The prose and the dialogue are as gorgeous as ever. Some of the conversations bristle with energy, and there's scarcely a collection of words that can set a scene so succinctly as the following: "There was just enough fog to make everything seem unreal. The wet air was as cold as the ashes of love." (pg. 268). That's just one of many, many examples I could give, and I find it telling that many reviews of Chandler's books – particularly this one – seem to consist of a list of the reviewer's favourite passages. Chandler is the master of evocative and original similes – it's intoxicating to read.

Furthermore, in Farewell, My Lovely, Chandler has not just provided flair but, in contrast to The Big Sleep, the plot has considerable steel to it. The various threads all link together nicely, and the deaths at the end carry emotional impact. It's sometimes hard to follow why Marlowe is investigating a certain person or place but there is an underlying coherence about it (even if it sometimes eludes you), and the rhythm of the prose is smooth enough to keep things moving.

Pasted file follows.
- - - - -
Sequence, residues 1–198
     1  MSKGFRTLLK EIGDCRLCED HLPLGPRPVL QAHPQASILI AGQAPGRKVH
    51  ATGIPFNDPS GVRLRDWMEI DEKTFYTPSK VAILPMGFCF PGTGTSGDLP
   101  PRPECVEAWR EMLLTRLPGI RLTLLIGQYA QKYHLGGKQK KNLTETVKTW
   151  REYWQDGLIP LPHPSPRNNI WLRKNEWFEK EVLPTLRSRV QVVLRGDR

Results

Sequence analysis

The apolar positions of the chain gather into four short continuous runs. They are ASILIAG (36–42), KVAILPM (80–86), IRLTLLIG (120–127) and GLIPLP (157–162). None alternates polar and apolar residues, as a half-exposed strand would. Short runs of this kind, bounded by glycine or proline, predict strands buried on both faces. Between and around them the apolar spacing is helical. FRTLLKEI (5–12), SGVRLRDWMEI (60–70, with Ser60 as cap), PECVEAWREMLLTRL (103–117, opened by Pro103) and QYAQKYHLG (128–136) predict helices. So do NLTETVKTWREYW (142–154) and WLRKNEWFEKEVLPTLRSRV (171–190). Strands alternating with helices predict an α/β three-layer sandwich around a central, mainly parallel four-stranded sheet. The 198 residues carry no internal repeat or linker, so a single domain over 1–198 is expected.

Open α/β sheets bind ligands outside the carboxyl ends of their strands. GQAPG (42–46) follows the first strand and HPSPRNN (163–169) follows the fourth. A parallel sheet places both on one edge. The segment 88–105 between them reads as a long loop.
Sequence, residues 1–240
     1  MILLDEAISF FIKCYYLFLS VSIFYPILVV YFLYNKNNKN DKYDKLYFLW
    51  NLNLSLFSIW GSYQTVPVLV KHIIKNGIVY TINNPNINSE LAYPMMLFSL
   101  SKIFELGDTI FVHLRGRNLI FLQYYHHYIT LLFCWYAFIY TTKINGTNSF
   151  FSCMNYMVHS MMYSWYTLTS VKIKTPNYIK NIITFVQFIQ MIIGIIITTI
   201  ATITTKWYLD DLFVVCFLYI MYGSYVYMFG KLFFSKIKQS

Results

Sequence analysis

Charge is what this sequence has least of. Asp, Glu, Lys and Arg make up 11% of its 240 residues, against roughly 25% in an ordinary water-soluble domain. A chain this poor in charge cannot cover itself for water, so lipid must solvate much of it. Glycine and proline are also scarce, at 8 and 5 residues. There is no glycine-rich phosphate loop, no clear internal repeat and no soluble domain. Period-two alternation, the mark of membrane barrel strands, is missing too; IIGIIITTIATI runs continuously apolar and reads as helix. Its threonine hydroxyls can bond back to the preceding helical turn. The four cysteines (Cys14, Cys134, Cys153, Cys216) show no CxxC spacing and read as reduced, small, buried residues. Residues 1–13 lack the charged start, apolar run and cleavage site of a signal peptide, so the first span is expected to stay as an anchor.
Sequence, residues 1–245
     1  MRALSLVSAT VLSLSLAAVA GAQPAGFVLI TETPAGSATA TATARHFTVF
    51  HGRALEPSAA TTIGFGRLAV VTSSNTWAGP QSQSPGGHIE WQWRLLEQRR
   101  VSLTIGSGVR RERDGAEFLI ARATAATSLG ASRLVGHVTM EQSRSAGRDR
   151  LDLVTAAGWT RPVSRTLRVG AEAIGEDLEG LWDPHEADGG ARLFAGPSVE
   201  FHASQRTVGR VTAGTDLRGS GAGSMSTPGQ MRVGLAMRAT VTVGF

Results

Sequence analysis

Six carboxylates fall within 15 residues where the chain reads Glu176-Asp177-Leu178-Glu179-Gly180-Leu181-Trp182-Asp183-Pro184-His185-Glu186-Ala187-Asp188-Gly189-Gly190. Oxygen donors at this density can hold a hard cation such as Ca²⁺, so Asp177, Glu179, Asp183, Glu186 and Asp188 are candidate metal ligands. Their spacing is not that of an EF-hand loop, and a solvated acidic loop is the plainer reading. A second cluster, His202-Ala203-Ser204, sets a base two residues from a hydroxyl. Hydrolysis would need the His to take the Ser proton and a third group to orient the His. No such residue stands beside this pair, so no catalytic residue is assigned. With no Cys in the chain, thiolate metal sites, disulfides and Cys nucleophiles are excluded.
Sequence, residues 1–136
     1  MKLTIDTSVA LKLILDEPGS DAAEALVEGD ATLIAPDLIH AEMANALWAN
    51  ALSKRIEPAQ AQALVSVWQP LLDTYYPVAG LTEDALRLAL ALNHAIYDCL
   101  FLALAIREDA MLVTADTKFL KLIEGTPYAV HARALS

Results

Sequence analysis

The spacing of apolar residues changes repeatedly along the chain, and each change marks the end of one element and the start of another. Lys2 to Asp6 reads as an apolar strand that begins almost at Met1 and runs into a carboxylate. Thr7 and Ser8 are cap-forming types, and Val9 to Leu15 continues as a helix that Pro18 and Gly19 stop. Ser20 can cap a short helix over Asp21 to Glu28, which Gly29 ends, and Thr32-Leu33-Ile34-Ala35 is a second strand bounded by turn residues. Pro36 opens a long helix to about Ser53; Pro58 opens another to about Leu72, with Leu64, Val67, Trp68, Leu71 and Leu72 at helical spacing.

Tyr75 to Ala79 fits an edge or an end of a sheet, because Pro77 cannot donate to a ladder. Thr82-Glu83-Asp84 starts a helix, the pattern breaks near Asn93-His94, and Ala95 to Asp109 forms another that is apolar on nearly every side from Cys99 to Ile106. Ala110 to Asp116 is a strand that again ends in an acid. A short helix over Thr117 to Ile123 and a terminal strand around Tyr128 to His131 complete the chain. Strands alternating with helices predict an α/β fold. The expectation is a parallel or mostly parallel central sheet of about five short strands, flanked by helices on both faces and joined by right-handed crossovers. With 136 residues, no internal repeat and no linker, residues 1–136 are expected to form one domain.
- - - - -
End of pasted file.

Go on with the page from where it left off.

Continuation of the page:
The characters are larger-than-life, but have an underlying tragedy about them so that they never seem cartoonish. Moose Malloy is an imposing figure and Randall has a good few meeting-of-minds with Marlowe. The main women – Mrs Grayle and Anne Riordan – are engaging, and Red is a good one-scene wonder. But above all, this is Marlowe's stage. The character really comes into his own in this book; he was carried along by the tide of events a bit in The Big Sleep, but here he's the one making waves. And usually getting cracked on the back of the head with a blackjack for his trouble. He's a refreshingly reckless character: his detective skills need a bit of work, but in fairness he does spend the best part of the novel either concussed or drunk. It's hard not to feel fondness for the underdog with a bit of swagger; the scrappy with a core of nobility. As characters repeatedly tell Marlowe when he's doing something reckless, "you take some awful chances, mister." But I'm glad I took a chance on Chandler.